Quite few American Indian villages are labeled, including the Pascoboula, Chicaca, Quimpisa, Moctoby, and Biloky, all of which are on the Pascagoula River. Further west, on the opposite side of the Mississippi River, the combined Bojogoula (Bayogoula) and Majoutacha (Mougoulacha) villages are also noted. During the same time period as this map was being created, the Bayogoula were preparing for war against their neighbors. In 1700, they massacred both the Quinipissa and the Mougoulacha, as well as some of the smaller neighboring villages. This conflict was subsequently mediated by D'Iberville's brother, Jean-Baptiste Le Moyne de Bienville, but the damage had already been done. A few years later, and just one year after this map was published, the Bayogoula themselves were massacred by the Tonica (Tunica), another much larger alliance of tribes noted here as residing somewhat further north along the Mississippi.
De Fer's work is often criticized for its decorative rather than scientific approach to cartography, especially when compared to the academic work of fellow 'Geographe du Roi' Guillaume de L'Isle. Nonetheless, he does introduce some new ideas and as the Dauphin's personal cartographer, De Fer had access to some of the most up to date cartographic information. This map is unique in that many of De Fer's actual manuscript originals and sample maps have survived, thus to some extent we are able to postulate on his thought process and study his sources. De Fer based this map on the 1698 map of the Gulf of Mexico by La Salle, a 1700 Map of the Gulf coast by Spanish navigator Juan Bisente, and an even earlier map also by Bisente dating to 1696. These he updated with data from D'Iberville's expeditions. The result is one of the earliest published maps to offer any real detail of the Lower Mississippi Valley. One very interesting departure from a convention being established in several previous late 18th century maps is De Fer's rejection of the 'Florida as Archipelago' hypothesis. Here Florida takes on a clear if distorted peninsular form that would also be embraced by De L'Isle later in the same year, 1701.
This map was drawn by De Fer between 1699 and 1701, engraved by Vincent de Ginville and published in De Fer's L'Atlas Curieux ou Le Monde.. We are aware of two states, 1701 and 1705. With the exception of the date, which has been updated for the 1705 edition, we have been unable to identify any cartographic changes between the two states.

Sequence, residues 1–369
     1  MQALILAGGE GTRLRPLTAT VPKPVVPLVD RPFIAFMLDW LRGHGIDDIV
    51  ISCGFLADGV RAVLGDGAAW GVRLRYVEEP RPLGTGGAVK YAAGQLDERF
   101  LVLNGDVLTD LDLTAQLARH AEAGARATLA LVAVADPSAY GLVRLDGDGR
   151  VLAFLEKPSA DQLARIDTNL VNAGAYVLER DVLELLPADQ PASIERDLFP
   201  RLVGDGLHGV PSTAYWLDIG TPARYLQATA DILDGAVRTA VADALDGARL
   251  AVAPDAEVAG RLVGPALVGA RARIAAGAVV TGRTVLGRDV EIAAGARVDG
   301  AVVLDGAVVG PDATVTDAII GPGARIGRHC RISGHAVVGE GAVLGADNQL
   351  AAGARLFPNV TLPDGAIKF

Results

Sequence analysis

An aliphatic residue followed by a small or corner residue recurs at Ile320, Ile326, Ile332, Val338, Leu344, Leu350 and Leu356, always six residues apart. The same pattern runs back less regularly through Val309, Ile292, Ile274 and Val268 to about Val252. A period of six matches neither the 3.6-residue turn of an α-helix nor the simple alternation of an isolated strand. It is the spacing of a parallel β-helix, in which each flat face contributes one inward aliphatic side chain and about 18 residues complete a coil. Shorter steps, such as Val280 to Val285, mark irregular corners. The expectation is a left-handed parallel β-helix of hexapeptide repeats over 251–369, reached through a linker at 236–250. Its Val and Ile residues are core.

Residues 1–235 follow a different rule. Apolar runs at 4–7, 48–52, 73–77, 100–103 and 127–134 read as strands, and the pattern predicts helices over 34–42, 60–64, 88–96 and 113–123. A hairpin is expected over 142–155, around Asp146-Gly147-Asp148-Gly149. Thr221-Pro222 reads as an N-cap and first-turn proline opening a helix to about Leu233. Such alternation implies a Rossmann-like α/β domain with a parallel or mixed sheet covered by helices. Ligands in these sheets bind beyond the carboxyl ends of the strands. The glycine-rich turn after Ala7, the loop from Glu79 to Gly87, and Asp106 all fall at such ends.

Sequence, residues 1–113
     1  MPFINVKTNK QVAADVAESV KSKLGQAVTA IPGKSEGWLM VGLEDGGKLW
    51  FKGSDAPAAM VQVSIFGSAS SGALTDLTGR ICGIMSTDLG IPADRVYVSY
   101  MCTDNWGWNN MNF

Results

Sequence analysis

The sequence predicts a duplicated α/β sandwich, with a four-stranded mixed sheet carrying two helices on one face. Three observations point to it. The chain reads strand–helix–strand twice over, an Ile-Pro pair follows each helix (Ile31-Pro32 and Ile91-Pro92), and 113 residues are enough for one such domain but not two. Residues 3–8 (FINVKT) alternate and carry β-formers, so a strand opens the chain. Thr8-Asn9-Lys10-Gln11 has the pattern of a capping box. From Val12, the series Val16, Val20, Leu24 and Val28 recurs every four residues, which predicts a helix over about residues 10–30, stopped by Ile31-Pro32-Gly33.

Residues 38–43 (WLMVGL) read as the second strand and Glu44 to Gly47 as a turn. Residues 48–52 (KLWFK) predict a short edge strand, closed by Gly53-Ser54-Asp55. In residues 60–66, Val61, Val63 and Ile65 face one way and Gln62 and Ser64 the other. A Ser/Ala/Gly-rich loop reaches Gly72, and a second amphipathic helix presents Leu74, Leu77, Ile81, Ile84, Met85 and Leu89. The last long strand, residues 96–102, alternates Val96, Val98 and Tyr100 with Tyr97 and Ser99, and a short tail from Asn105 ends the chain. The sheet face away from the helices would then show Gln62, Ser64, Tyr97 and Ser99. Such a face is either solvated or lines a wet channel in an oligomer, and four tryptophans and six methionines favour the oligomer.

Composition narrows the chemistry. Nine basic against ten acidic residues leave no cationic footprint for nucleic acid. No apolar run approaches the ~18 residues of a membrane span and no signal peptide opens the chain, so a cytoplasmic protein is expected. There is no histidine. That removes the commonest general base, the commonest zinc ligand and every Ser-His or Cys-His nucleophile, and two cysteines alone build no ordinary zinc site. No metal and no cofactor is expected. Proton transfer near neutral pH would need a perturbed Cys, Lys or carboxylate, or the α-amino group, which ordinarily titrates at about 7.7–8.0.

Nicholas de Fer (1646 - October 25, 1720) was a French cartographer and publisher, the son of cartographer Antoine de Fer. He apprenticed with the Paris engraver Louis Spirinx, producing his first map, of the Canal du Midi, at 23. When his father died in June of 1673 he took over the family engraving business and established himself on Quai de L'Horloge, Paris, as an engraver, cartographer, and map publisher. De Fer was a prolific cartographer with over 600 maps and atlases to his credit. De Fer's work, though replete with geographical errors, earned a large following because of its considerable decorative appeal. In the late 17th century, De Fer's fame culminated in his appointment as Geographe de le Dauphin, a position that offered him unprecedented access to the most up to date cartographic information. This was a partner position to another simultaneously held by the more scientific geographer Guillaume De L'Isle, Premier Geograph de Roi. Despite very different cartographic approaches, De L'Isle and De Fer seem to have stepped carefully around one another and were rarely publicly at odds. Upon his death of old age in 1720, Nicolas was succeeded by two of his sons-in-law, who also happened to be brothers, Guillaume Danet (who had married his daughter Marguerite-Geneviève De Fer), and Jacques-François Bénard (Besnard) Danet (husband of Marie-Anne De Fer), and their heirs, who continued to publish under the De Fer imprint until about 1760. It is of note that part of the De Fer legacy also passed to the engraver Remi Rircher, who married De Fer's third daughter, but Richer had little interest in the business and sold his share to the Danet brothers in 1621. Learn More...
Very good. Even overall toning. Blank on verso. Accompanied by original French description.
Rumsey 12201.134. OCLC 666288096.